Quiet Revolutions in Motion Picture Lighting


Much has been written about advancements in camera technology over the past decade. What many people don’t see, however, is that a no less significant transformation has also been unfolding in the world of motion picture lighting.

I first moved to Los Angeles to train under the best DoPs in the business, and in Hollywood this means you start at the bottom of the crew and work your way up. After working for several years as a camera assistant I made the decision to move to the lighting department, eventually joining IATSE Local 728. Changing departments was a difficult move, as it meant starting over with a new skill set and a completely new contact base. But for my personality and stylistic approach to filmmaking the electric department was a much better fit. In the end it was a much better place for me to learn how to be the kind of cinematographer I wanted to be. I spent almost ten years in lighting departments on everything from no-budget music videos to studio feature films and top-rated dramatic television. I feel so fortunate that I was able to work for some of the most experienced gaffers in the business. From them I learned an incredible amount about the actual hands-on process behind creating the look you want for a project.

There have been two important changes in motion picture lighting in recent years. The first pertains mostly to work practice: about 10 years ago gaffers began using more techniques and technology from the world of concert and event lighting. It’s strange, but traditionally these worlds have been very separate in Hollywood: they had different names for equipment, different positions on set, different crews, and even separate union locals inside IATSE. Programmable moving lights, a mainstay of concert lighting, have become standard on many film sets now. My approach to lighting a scene is often to first light the space and then, if necessary, the actors. So the introduction of more spatial lighting techniques to our toolbox is very exciting for me.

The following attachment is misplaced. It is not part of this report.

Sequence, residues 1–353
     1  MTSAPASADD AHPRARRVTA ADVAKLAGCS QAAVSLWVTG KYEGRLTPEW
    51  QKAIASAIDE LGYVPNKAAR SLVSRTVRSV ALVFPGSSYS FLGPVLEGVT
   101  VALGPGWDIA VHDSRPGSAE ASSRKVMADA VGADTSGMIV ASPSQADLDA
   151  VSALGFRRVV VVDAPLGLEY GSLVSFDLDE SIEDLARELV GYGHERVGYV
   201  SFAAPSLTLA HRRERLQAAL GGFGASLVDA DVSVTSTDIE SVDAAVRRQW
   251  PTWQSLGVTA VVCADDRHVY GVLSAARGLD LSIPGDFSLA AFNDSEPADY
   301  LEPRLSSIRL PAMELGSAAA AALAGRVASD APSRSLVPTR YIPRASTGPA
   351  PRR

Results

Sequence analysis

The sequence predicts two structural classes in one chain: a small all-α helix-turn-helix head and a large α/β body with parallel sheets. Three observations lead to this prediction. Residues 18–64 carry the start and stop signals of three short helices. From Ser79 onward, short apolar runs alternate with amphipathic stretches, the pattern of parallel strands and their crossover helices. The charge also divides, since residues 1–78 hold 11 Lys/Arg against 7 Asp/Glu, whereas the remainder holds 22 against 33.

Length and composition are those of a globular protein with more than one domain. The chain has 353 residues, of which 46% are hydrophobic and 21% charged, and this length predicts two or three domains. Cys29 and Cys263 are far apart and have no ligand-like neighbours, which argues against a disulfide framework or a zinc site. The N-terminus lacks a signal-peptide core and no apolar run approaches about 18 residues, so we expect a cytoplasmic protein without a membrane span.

For “Cowboys and Aliens” (2011), the electric department rigged programmable moving lights to cable vehicles over the set to simulate alien spacecraft. Each vehicle was rigged with its own generator. Gaffer: Mike Bauman


The second big change is largely technological: the long-awaited advent of LEDs, which are finally beginning to replace the big incandescent fixtures we’ve used on sets for 80 years. This change will have a very significant effect on how movies are shot, as tungsten lamps are notoriously inefficient from an energy standpoint. It’s not uncommon for a standing television set to use 200 kilowatts or more of lighting, which requires rivers of thick 4/0 cable to be laid out prior to photography, which in turn requires sometimes weeks of work from the lighting department rigging team. Because 80 percent of this energy is released as heat instead of light, a massive amount of cooling is needed to compensate. LEDs have the potential to change all of this.

Mole-Richardson, one of the giants of movie lighting in Los Angeles, has announced an LED version of it’s traditional 10K “Senior” fresnel lighting unit. Until now, when we wanted that much light it required using a generator and heavy cable, which made big lights impossible for many small productions on location. This 10K LED unit, by contrast, can be plugged into almost any wall socket. It’s inspiring to think about how much time and resources this will save. The move from incandescent to LED lighting sources could become the single most consequential development in the history of motion picture lighting.

New technology is exciting, but it’s important to remember that at the end of the day it isn’t equipment that makes strong content. Creative, dedicated people make strong content—these are just tools to add to the tool chest.

The view from Kostava Street: hot days, and the cool sanctuary of the color suite. And a nagging voice in my head telling me to “Move!”

What’s next?



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